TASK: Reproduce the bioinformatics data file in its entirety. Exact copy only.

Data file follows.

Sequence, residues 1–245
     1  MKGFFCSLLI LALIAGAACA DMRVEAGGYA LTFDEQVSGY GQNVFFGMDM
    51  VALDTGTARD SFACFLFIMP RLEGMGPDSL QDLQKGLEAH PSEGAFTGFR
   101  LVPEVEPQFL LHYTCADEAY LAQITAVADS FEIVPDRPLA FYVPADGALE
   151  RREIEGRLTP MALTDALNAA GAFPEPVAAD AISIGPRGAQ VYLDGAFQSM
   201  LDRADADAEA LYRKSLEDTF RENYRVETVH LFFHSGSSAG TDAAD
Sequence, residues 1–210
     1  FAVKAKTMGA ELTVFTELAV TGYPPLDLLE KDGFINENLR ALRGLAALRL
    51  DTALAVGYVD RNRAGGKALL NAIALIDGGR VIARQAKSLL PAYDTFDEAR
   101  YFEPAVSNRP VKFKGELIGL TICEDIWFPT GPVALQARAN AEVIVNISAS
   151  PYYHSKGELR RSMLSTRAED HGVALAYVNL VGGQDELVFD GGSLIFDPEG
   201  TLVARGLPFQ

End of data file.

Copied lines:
Sequence, residues 1–245
     1  MKGFFCSLLI LALIAGAACA DMRVEAGGYA LTFDEQVSGY GQNVFFGMDM
    51  VALDTGTARD SFACFLFIMP RLEGMGPDSL QDLQKGLEAH PSEGAFTGFR
   101  LVPEVEPQFL LHYTCADEAY LAQITAVADS FEIVPDRPLA FYVPADGALE
   151  RREIEGRLTP MALTDALNAA GAFPEPVAAD AISIGPRGAQ VYLDGAFQSM
   201  LDRADADAEA LYRKSLEDTF RENYRVETVH LFFHSGSSAG TDAAD
Sequence, residues 1–210
     1  FAVKAKTMGA ELTVFTELAV TGYPPLDLLE KDGFINENLR ALRGLAALRL
    51  DTALAVGYVD RNRAGGKALL NAIALIDGGR VIARQAKSLL PAYDTFDEAR
   101  YFEPAVSNRP VKFKGELIGL TICEDIWFPT GPVALQARAN AEVIVNISAS
   151  PYYHSKGELR RSMLSTRAED HGVALAYVNL VGGQDELVFD GGSLIFDPEG
   201  TLVARGLPFQ